PharmacoEconomics

, Volume 27, Issue 9, pp 713–723

Methods for Measuring Temporary Health States for Cost-Utility Analyses

  • Davene R. Wright
  • Eve Wittenberg
  • J. Shannon Swan
  • Rebecca A. Miksad
  • Lisa A. Prosser
Review Article

DOI: 10.2165/11317060-000000000-00000

Cite this article as:
Wright, D.R., Wittenberg, E., Swan, J.S. et al. Pharmacoeconomics (2009) 27: 713. doi:10.2165/11317060-000000000-00000

Abstract

A variety of methods are available to measure preferences for temporary health states for cost-utility analyses. The objectives of this review were to summarize the available temporary health-state valuation methods, identify advantages and disadvantages of each, and identify areas for future research.

We describe the key aspects of each method and summarize advantages and disadvantages of each method in terms of consistency with QALY theory, relevance to temporary health-state-specific domains, ease of use, time preference, and performance in validation studies. Two broad categories of methods were identified: traditional and adapted.

Traditional methods were health status instruments, time trade-off (TTO), and the standard gamble (SG). Methods adapted specifically for temporary health-state valuation were TTO with specified duration of the health state, TTO with a lifespan modification, waiting trade-off, chained approaches for TTO and SG, and sleep trade-off.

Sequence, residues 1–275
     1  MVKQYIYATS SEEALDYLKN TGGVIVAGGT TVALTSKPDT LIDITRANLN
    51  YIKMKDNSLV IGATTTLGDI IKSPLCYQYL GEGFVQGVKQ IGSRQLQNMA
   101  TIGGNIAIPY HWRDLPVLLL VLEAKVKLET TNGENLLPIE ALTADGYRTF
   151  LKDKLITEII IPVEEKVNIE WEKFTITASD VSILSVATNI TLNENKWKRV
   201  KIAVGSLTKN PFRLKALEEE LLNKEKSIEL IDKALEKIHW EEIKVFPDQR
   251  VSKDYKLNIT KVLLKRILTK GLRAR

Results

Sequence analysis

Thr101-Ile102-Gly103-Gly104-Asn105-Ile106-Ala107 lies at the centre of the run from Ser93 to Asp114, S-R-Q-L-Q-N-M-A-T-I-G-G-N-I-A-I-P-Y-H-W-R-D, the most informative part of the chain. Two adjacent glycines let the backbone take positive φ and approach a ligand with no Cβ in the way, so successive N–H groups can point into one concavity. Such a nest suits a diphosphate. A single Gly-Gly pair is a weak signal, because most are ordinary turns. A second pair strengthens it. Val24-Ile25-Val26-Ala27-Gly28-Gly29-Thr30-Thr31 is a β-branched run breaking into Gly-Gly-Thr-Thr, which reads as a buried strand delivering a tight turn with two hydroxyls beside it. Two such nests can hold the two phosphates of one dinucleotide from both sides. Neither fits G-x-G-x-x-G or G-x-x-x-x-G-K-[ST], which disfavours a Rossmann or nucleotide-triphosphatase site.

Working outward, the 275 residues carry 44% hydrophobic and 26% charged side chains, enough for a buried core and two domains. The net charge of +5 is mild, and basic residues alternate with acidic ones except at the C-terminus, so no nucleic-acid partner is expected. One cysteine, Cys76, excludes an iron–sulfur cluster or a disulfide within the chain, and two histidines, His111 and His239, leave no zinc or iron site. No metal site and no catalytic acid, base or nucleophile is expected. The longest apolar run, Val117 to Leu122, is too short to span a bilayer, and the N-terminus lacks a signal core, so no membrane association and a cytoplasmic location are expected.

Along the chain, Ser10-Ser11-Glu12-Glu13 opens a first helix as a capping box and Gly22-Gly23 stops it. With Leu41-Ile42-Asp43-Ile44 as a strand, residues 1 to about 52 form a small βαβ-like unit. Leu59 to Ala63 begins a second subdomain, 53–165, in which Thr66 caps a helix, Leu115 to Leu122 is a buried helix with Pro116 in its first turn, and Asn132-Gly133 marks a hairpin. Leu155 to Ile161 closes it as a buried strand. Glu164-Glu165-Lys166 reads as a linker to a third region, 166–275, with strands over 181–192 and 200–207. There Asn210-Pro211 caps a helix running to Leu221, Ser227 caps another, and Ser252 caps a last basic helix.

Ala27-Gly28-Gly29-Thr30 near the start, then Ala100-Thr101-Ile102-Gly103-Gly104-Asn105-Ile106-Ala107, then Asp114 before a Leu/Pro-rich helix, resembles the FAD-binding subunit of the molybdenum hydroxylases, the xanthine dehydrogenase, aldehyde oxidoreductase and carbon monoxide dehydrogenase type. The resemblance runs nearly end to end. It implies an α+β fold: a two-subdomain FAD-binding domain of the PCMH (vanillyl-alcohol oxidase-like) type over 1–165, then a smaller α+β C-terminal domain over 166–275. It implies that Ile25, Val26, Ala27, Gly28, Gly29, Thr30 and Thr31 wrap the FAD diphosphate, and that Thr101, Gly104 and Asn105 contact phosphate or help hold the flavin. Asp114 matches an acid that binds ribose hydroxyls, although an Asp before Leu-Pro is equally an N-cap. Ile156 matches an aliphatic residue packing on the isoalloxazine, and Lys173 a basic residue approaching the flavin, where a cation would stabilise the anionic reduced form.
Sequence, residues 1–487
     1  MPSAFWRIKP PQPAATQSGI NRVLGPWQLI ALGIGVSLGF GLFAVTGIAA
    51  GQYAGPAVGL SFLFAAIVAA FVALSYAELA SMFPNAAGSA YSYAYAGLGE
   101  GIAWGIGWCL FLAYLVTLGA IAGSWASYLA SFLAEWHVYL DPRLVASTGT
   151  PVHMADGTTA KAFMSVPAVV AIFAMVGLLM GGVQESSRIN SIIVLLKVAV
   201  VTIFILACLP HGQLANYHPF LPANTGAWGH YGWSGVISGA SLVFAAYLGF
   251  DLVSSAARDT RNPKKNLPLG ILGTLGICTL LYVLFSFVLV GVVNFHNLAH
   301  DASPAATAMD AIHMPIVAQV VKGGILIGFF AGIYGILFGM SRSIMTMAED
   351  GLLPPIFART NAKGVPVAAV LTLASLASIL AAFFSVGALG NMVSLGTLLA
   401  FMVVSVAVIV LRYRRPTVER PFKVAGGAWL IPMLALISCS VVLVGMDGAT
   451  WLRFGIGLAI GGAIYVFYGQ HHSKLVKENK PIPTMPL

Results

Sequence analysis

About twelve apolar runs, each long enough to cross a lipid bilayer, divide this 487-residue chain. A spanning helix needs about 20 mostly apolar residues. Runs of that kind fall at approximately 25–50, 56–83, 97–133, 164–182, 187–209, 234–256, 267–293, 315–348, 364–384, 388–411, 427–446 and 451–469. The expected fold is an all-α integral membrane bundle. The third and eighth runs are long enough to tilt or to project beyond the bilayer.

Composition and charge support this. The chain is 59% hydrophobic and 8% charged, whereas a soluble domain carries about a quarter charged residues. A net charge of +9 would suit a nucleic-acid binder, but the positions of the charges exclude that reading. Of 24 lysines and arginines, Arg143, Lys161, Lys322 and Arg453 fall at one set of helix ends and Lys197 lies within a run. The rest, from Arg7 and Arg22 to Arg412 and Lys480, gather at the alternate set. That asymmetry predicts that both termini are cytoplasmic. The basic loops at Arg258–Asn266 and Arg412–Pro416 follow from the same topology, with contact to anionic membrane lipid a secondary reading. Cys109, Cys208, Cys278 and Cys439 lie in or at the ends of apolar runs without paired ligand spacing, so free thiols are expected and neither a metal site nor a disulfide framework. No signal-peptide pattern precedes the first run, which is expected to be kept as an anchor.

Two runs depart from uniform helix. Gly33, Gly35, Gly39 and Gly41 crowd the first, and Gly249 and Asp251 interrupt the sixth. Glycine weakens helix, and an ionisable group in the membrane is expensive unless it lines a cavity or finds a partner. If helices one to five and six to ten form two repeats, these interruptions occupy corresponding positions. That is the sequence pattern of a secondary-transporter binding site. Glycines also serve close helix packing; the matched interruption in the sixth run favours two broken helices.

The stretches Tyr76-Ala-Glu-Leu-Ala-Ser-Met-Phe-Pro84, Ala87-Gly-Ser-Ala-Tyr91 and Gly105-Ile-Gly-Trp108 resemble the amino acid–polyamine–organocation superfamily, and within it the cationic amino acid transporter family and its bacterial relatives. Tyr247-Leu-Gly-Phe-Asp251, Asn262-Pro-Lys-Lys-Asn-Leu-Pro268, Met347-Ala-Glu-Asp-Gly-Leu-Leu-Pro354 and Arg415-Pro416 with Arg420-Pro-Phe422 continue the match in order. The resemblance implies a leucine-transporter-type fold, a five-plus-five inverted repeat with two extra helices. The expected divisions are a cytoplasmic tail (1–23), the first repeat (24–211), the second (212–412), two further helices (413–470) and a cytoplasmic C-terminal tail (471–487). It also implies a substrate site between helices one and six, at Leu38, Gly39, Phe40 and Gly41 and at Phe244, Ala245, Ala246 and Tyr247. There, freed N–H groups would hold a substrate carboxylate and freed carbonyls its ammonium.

Advantages and disadvantages vary by method and no ‘gold standard’ method emerged. Selection of a method to value temporary health states will depend on the relative importance of the following considerations: ability to accurately capture the unique characteristics of the temporary health state, level of respondent burden and cognition, theoretical consistency of elicited preference values with the overall purpose of the study, and resources available for study development and data collection. Further research should focus on evaluating validity, reliability and feasibility of temporary health-state valuation methods.

Copyright information

© Adis Data Information BV 2009

Authors and Affiliations

  • Davene R. Wright
    • 1
  • Eve Wittenberg
    • 1
    • 2
  • J. Shannon Swan
    • 1
    • 3
  • Rebecca A. Miksad
    • 1
    • 3
    • 4
  • Lisa A. Prosser
    • 1
    • 5
    • 6
  1. 1.Preferences Working Group, Center for Health Decision ScienceHarvard School of Public HealthBostonUSA
  2. 2.Schneider Institutes for Health Policy, Heller School for Social Policy and ManagementBrandeis UniversityWalthamUSA
  3. 3.Institute for Technology Assessment and Department of RadiologyMassachusetts General Hospital, Harvard Medical SchoolBostonUSA
  4. 4.Division of Hematology and OncologyBeth Israel Deaconess Medical Center, Harvard Medical SchoolBostonUSA
  5. 5.Center for Child Health Care Studies, Department of Ambulatory Care and PreventionHarvard Medical School and Harvard Pilgrim Health CareBostonUSA
  6. 6.Child Health Evaluation and Research Unit, Division of General PediatricsUniversity of Michigan Health SystemAnn ArborUSA